He never gives up, does he? Year after year God patiently works with us so we’re gradually being “conformed to the likeness of his Son,” Romans 8:29, and bit by bit we’re “being transformed into Jesus’ likeness with ever-increasing glory,” 2 Corinthians 3:18.
That being the case, I wondered what likeness and increasing glory I wish I could experience most. And one thing stood out: the relationship that Jesus has with the Father as his Son. With the added thought that, since it’s Jesus’ likeness we’re being conformed to and transformed into, then it must be possible for us to experience that relationship too.
And, fortunately, Jesus not only said it was possible, he also explained how it was possible – and that he very much wants to make it possible too “so that the Son may bring glory to the Father,” John 14:13. Everything in Jesus’ life is motivated by that. It’s his great wish, therefore, that we come to that same point too, that we see the Father like he does, and love the Father like he does.
Which explains why Jesus asked the Father to give us the Holy Spirit (verse 16), because the Spirit “with” and “in” us (verse 17) helps us “learn that I (Jesus) love the Father” (verse 31). It’s the Spirit’s job, then, to get the point across that Jesus has one main goal in all that he does, and that’s to bring glory to his Father because he loves him. But then we find out from Jesus in John 16:15 that the Spirit “takes from what is mine and makes it known to you.” So the Spirit’s job also entails making what motivates Jesus “known” and very real in our lives too.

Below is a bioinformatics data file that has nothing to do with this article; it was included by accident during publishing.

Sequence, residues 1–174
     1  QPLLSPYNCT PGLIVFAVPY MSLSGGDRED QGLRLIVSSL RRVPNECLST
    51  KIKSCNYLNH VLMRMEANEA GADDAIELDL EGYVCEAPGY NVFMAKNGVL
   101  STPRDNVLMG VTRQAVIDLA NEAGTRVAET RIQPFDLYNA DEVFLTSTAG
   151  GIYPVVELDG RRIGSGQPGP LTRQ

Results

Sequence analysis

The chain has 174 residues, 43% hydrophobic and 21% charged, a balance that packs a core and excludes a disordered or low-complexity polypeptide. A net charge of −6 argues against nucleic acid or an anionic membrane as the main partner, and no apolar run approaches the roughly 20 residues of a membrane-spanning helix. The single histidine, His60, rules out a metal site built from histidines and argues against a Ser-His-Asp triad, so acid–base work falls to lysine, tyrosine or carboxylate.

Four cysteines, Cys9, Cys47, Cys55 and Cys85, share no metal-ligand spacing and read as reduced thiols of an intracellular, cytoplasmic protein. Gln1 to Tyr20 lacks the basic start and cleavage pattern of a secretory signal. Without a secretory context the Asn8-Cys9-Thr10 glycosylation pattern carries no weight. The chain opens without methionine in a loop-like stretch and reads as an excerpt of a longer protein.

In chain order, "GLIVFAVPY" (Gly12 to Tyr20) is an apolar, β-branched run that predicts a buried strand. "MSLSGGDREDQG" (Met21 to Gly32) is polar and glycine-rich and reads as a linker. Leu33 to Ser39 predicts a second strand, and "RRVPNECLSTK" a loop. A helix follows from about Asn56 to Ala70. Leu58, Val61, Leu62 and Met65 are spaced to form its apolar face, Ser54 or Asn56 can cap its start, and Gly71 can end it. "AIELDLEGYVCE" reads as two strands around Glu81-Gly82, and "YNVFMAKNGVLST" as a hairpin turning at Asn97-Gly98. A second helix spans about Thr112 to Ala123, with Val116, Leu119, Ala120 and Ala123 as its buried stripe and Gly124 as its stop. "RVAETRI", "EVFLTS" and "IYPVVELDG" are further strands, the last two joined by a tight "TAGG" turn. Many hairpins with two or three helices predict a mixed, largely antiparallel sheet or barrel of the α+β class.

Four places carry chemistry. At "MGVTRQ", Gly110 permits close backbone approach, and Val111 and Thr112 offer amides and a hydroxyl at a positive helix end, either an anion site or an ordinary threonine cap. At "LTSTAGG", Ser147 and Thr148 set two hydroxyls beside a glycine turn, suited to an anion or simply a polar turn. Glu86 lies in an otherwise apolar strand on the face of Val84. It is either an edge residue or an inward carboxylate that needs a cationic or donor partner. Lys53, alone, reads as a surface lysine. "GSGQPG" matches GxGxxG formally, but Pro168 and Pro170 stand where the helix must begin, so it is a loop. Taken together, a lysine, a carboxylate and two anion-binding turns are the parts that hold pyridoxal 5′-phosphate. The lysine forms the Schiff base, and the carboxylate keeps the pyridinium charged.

Which sets the scene very nicely for the extraordinary statement Paul makes in Romans 8:14 that “those who are led by the Spirit of God are sons of God.” So the Spirit makes it real all right, by helping us understand that our relationship with God is exactly the same as the relationship Jesus has with his Father, because like Jesus we are the Father’s children too. So it’s through the Spirit, therefore, that Jesus is making it possible for us to love the Father like he does.
Which Paul confirms in verse 16 when he writes “The Spirit himself testifies with our spirit that we are God’s children.” For the Spirit, then, this is personal. He personally (“himself”) goes to work in us so we too can love the Father like Jesus does. He “testifies” to it, meaning he’ll prove it true all right.
Ahead of us, then, is another year of the Spirit enabling us to love the Father like Jesus does. And for the same reason too, that we experience the same glory the Father gave Jesus, of being one as they are one (John 17:22).